• Schools imply that arbitrary schedules have inherent value.
    • Schools imply that arbitrary rules have inherent value.
    • Schools demand the student respect their rules and schedules while denying respect for any rules or schedules that the student puts forward.
    • Schools imply that a third party that has not met you can certify your competence better than you yourself, even though you have more knowledgeable about yourself than any other.

  • Seek out those that disagree with you.  You will either learn you are in error becoming a smarter person for being corrected, or you will learn exactly why you are right and how others were caught in the trap of error.
  • You will be worth the most to others if you are happy.  True happiness feeds your creativity, increases your productivity, inspires others, and keeps life worth living.  If you ever find yourself walking down the street without a bounce in your step, it is very worth while to pause, and be honest with yourself.  What is bugging you?  Why is it so important that it is draining you?  When in your past did you learn about this topic and how it affects you?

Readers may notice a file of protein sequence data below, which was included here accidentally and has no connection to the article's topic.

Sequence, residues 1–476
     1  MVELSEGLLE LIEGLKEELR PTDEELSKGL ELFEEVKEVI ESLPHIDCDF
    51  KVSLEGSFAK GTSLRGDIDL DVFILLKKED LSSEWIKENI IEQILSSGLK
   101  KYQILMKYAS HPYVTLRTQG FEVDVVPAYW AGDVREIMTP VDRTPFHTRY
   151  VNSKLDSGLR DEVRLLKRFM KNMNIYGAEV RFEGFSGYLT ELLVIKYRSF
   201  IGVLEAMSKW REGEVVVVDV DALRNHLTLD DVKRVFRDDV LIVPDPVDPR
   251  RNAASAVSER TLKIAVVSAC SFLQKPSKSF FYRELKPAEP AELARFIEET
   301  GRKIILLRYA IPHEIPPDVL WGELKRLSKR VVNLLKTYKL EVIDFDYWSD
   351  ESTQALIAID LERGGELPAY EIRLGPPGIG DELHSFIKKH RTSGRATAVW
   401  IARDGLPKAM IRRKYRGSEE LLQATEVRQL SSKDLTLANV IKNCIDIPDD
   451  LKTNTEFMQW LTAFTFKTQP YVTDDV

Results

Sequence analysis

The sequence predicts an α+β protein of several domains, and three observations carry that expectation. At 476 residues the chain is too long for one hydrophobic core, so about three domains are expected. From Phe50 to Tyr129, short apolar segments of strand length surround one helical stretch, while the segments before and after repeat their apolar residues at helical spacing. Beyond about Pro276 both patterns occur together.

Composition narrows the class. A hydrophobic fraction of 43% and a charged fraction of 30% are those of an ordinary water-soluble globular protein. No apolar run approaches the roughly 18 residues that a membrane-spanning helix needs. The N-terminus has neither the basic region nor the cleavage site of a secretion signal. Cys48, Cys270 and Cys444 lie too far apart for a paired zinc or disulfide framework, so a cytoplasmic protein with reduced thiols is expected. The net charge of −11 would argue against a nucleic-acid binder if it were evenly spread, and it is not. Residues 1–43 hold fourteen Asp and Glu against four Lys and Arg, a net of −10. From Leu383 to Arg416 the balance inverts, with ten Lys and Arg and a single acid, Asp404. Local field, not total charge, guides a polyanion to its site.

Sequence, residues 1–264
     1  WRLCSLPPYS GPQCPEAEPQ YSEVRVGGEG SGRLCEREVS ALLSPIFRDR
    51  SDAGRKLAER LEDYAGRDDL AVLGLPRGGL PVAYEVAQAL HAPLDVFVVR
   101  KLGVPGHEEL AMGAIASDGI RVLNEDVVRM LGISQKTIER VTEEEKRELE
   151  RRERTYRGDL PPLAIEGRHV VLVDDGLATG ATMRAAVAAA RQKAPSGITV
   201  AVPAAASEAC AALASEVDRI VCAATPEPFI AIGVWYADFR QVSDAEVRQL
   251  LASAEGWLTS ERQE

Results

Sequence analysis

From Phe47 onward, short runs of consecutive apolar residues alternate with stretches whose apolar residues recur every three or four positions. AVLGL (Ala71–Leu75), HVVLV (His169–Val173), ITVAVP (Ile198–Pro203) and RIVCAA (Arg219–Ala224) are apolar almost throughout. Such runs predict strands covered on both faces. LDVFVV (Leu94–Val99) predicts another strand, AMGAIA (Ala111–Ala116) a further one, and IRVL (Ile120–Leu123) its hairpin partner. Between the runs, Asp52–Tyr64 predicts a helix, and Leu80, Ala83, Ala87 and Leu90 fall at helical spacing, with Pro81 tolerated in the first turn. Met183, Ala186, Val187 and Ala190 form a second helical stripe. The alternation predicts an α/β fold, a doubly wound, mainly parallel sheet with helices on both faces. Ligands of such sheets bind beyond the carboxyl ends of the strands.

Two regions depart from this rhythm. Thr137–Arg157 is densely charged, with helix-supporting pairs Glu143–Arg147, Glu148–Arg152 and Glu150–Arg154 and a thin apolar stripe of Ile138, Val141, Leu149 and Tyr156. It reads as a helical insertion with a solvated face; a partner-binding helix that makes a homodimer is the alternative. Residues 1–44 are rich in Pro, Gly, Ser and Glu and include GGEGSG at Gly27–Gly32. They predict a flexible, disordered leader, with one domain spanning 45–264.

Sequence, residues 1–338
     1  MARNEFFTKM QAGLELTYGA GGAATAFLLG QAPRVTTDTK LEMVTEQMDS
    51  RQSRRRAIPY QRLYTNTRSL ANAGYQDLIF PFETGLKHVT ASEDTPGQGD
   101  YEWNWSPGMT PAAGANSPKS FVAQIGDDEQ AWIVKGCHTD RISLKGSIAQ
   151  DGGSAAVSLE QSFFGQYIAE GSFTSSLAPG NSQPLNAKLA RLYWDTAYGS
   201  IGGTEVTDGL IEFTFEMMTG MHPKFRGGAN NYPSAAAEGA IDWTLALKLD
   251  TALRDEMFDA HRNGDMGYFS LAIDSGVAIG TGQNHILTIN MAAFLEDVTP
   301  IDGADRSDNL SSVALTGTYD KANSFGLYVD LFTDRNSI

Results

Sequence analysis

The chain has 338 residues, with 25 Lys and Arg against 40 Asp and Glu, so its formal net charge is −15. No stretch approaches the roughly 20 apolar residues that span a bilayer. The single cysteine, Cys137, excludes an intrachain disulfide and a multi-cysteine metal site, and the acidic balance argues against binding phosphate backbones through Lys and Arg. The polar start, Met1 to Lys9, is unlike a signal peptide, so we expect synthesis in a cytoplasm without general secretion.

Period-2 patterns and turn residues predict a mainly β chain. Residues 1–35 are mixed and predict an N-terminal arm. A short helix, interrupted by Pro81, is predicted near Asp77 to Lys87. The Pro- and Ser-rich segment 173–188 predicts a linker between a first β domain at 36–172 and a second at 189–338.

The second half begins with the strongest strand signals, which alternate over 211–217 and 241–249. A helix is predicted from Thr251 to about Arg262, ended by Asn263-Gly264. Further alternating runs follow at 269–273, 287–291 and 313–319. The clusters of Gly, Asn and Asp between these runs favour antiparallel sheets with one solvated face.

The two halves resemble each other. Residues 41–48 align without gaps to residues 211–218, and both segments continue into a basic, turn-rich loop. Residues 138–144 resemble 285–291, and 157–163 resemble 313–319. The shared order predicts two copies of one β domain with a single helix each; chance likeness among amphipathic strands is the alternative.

11. What are typical mistakes people make that prevent advancement in this particular career?
Advancement is a very sticky subject.  Most individuals have a learned habit of starting conversations with themselves and others without defining their terms. (Mistake #1)

What does it mean to "advance?"  What is being measured?  Happiness? Quantity of money?  Respect from others?  Power over others? Feelings of virtue?  Pride in oneself?  Closeness with nature and reality?

Who is more advanced?  The man working a low level job with a small house who is struggling to feed his family?  The woman who is a vice president of a major corporation who has two homes, two children in private school, one failed marriage, and 3 months out of the year is away from her children on business trips?  What about the man at home painting and caring for his children who has no defined career?  Is he advancing?

Who is even the right person to answer these questions?  Can any of us even evaluate these individuals' advancement without understanding each of their values?  Even if we knew their values, could we even then make a competent evaluation?

Who is evaluating you in your life?  Do they truly know your values?  Have they asked?  Are they as curious about what is going on for you in your life as you are about LEGO and Disney?  Are people asking you what you think you need to be learning?  Are they asking you if you think they are doing a good job?  Are they asking you if you think someone else could help you better than them?